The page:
A nonprofit primary care center drives its 40-foot dental unit to nine school districts, where a licensed dental provider performs comprehensive dental exams; cleaning, including preventive scaling; and X-rays if warranted. Ibby Hopper, director of School-Based Services for Cumberland Family Medical Center, Inc., estimates 35 to 40 percent of students on average take advantage of the services, with participation highest in elementary schools.
Children can watch educational videos on dental hygiene while they wait to see the dental provider. They also are educated by Cumberland Family Medical staff on proper brushing, flossing and oral care. Afterward, they receive a goody bag that includes a toothbrush, toothpaste, floss and a timer.
Staff with Cumberland Family Medical Center pose
with the nonprofit provider’s new mobile dental bus.
(Photo courtesy of Cumberland Family Medical Center)
Mobile programsAnderson County Schools uses School Smiles, an on-site dental health care provider based in Greenwood, Ind. Basham said the company provides preventive services and if restorative work is needed, sets up a return visit to the school “so the parent doesn’t have to take off work to take those kids to the dentist or out of town.” School Smiles brings portable dental equipment and sets up in whatever space is available at a school.
School health nurses with the county health department also do some preventive work at Anderson County schools, Basham said, while last year a local dentist and her staff gave oral hygiene instructions to students. Education about brushing is the missing piece of the puzzle, she said.
“They’re just not doing it well, or they’re not taught the proper way to brush,” she said. “If they’re not doing it correctly it’s not going to prevent the decay.”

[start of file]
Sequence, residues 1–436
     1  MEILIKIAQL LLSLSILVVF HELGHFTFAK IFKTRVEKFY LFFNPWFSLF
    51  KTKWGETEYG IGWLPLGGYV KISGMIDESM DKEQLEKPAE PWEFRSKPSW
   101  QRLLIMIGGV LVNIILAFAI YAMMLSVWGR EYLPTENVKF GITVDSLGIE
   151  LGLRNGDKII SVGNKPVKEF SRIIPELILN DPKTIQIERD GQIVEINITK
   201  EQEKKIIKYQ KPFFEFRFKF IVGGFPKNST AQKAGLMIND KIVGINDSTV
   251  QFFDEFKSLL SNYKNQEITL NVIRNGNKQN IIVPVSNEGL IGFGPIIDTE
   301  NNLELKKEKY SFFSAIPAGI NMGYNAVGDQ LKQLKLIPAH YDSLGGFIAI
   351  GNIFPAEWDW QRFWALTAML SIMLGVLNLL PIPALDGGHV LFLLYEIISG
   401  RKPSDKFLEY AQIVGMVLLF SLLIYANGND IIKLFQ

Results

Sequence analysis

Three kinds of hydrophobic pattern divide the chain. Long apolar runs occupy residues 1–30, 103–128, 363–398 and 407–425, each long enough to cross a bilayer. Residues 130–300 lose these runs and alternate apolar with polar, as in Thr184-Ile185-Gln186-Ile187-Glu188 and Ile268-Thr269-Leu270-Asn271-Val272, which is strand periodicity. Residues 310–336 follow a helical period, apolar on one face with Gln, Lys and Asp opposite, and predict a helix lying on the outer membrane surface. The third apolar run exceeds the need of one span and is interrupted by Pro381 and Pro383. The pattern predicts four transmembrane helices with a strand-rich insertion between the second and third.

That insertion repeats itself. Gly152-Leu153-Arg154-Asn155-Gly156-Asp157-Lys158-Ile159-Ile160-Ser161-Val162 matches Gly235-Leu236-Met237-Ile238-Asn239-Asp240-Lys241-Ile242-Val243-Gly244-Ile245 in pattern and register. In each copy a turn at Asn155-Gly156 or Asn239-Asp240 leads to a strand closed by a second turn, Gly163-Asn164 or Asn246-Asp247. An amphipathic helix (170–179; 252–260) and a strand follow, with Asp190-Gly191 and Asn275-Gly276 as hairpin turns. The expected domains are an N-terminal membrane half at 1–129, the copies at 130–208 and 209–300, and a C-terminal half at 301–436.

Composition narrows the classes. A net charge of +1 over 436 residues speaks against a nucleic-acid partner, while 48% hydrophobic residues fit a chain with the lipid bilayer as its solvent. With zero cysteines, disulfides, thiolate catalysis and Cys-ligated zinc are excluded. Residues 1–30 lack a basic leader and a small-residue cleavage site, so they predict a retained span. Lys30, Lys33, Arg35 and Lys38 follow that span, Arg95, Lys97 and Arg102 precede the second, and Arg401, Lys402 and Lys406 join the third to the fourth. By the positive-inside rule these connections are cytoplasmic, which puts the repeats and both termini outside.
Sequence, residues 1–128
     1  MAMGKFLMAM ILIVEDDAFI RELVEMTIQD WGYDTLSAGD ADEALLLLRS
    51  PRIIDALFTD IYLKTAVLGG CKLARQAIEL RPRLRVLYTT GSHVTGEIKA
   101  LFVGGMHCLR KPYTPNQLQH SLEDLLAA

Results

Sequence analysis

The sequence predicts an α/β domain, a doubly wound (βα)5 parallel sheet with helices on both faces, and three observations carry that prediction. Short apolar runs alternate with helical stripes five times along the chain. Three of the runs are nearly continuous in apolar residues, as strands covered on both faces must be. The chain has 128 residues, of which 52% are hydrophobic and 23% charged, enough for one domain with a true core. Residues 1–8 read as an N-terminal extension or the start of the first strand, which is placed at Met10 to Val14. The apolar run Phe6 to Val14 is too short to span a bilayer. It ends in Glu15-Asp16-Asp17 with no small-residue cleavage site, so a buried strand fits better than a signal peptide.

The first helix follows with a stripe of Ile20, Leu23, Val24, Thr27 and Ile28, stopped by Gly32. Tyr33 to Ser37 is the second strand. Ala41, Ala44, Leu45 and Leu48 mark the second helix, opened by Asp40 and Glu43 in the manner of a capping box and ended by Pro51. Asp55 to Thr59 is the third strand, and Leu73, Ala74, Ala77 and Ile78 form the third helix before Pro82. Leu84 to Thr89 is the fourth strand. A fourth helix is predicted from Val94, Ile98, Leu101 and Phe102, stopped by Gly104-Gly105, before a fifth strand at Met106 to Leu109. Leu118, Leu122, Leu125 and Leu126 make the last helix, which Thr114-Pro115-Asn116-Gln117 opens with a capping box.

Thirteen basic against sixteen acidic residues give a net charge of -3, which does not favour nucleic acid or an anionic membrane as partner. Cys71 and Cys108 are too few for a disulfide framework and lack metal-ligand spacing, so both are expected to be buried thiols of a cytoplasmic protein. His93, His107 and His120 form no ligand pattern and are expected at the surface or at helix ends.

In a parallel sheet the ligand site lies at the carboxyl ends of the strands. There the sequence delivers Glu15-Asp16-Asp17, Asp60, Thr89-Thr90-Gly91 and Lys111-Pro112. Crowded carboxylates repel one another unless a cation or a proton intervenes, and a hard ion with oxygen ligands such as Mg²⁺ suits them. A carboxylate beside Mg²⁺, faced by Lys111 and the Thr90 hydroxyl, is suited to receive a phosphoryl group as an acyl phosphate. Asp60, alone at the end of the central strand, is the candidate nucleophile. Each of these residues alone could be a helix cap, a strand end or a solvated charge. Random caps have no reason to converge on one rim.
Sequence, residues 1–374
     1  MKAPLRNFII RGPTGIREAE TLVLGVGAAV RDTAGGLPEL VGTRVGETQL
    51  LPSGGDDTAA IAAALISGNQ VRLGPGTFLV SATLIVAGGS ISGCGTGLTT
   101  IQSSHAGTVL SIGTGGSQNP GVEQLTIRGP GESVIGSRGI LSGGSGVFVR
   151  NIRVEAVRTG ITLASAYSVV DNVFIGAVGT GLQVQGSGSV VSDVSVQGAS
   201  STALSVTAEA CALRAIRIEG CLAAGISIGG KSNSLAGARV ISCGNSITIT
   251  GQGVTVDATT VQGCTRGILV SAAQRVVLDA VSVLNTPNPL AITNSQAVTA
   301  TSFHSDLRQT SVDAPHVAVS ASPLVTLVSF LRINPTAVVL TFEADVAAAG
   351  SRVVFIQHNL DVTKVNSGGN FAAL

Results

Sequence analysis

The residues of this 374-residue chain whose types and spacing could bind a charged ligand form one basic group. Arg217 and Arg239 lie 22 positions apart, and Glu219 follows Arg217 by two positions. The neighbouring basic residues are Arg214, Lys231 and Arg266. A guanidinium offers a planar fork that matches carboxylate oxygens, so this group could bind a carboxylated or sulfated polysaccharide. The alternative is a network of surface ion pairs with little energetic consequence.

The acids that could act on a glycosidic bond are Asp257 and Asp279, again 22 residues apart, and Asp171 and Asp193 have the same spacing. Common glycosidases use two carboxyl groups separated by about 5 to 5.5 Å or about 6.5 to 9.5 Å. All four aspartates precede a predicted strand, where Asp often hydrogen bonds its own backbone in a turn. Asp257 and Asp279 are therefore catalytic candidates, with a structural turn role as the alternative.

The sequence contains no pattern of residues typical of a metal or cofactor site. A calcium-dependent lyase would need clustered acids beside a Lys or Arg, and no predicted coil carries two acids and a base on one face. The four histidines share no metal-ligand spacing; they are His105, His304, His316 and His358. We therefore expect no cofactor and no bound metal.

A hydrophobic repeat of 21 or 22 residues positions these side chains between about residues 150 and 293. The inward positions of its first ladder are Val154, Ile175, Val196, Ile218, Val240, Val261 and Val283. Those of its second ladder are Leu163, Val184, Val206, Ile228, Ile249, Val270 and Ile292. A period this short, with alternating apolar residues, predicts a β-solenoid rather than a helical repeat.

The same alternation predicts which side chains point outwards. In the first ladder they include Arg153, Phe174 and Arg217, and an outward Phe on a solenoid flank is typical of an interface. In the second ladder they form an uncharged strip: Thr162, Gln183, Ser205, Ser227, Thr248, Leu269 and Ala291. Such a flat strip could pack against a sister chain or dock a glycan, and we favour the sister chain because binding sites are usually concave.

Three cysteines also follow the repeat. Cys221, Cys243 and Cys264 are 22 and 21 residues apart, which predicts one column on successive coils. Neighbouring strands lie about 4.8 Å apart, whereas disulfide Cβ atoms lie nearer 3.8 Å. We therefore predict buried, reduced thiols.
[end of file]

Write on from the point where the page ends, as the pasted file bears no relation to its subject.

A program operated out of the Purchase District Health Department is one of nine launched a couple of years ago with state funding that enabled health departments to launch mobile dental programs. The program provides preventive services but makes a big push to get kids to a dental home.
“We stay with those families and keep in contact with them in any way possible to see what we can do to help them. We try to find out what their obstacles are in getting to a dentist – is it transportation, is it time, is it even knowing where your providers are,” said Jennifer Nettles, program manager/dental hygienist for the cleaning and sealant program that serves schools in the Purchase and Pennyrile district health departments.
Every child on Medicaid receives a list of dentists in their area that accept Medicaid, but finding a dentist that accepts that form of payment can be problematic in some areas. Nettles said some counties in her area don’t have a dentist at all.
Further, she said data show that a little less than half the Medicaid-eligible children in the area she serves actually receive any form of dental care. “We’re making progress, but I’d say they’re baby steps,” she said.
Angela McDonald, who was health coordinator for Mercer County Schools before joining the state education department’s school-based health unit, said the district’s back-to-school Readi Fest was among the ways the district found to encourage dental screening. The event is specifically designed for kids “that tend to fall between the cracks that don’t really have a medical home,” she said. “It’s open to all grades, too, so a parent could get dental screening for all their kids in one place at the same time.”
At the Readi Fest, children receive the dental screening, plus a toothbrush and education about brushing and the importance of seeing a dentist. Parents also are told about the option of care provided by a mobile clinic and given the necessary paperwork.
FRYSCs are key
School dental service providers sing the praises of family resource/youth services center staff. Their role can include identifying students who need dental work, collaborating with the school nurse, setting up visits by the dental providers, organizing education programs, walking students to their in-school appointments and arranging transportation – or providing it themselves – to a dentist’s office for restorative work.
“We work very closely with our FRYSCs,” said Jennifer Nettles, program manager/dental hygienist for a project that serves schools in the Purchase and Pennyrile district health departments. “And it’s moving to see them take such an active role in the welfare of the kids. They realize how important dental health is to the child’s overall health and how that can impact their school performance.”
Board view: “The need is there”